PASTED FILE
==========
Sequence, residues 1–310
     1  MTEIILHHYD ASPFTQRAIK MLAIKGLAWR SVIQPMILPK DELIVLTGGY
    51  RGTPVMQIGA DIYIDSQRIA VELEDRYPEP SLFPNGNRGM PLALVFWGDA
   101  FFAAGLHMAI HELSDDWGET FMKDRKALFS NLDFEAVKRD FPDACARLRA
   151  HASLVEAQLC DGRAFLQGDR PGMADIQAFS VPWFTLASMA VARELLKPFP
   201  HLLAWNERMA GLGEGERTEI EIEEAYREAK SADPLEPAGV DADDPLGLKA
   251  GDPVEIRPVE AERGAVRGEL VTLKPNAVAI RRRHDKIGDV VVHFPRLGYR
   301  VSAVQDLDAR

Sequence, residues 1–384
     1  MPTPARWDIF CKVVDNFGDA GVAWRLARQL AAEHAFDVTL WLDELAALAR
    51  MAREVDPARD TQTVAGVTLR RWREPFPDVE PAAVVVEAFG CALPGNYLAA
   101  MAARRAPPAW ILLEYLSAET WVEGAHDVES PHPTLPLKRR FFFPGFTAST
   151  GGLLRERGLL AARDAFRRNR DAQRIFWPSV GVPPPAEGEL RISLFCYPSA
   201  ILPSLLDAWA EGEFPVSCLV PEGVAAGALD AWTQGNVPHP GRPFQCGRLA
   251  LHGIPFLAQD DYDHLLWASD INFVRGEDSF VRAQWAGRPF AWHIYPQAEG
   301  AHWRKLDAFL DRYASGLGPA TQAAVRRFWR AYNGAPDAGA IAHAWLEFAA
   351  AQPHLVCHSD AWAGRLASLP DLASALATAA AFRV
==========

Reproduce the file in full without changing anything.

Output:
Sequence, residues 1–310
     1  MTEIILHHYD ASPFTQRAIK MLAIKGLAWR SVIQPMILPK DELIVLTGGY
    51  RGTPVMQIGA DIYIDSQRIA VELEDRYPEP SLFPNGNRGM PLALVFWGDA
   101  FFAAGLHMAI HELSDDWGET FMKDRKALFS NLDFEAVKRD FPDACARLRA
   151  HASLVEAQLC DGRAFLQGDR PGMADIQAFS VPWFTLASMA VARELLKPFP
   201  HLLAWNERMA GLGEGERTEI EIEEAYREAK SADPLEPAGV DADDPLGLKA
   251  GDPVEIRPVE AERGAVRGEL VTLKPNAVAI RRRHDKIGDV VVHFPRLGYR
   301  VSAVQDLDAR

Sequence, residues 1–384
     1  MPTPARWDIF CKVVDNFGDA GVAWRLARQL AAEHAFDVTL WLDELAALAR
    51  MAREVDPARD TQTVAGVTLR RWREPFPDVE PAAVVVEAFG CALPGNYLAA
   101  MAARRAPPAW ILLEYLSAET WVEGAHDVES PHPTLPLKRR FFFPGFTAST
   151  GGLLRERGLL AARDAFRRNR DAQRIFWPSV GVPPPAEGEL RISLFCYPSA
   201  ILPSLLDAWA EGEFPVSCLV PEGVAAGALD AWTQGNVPHP GRPFQCGRLA
   251  LHGIPFLAQD DYDHLLWASD INFVRGEDSF VRAQWAGRPF AWHIYPQAEG
   301  AHWRKLDAFL DRYASGLGPA TQAAVRRFWR AYNGAPDAGA IAHAWLEFAA
   351  AQPHLVCHSD AWAGRLASLP DLASALATAA AFRV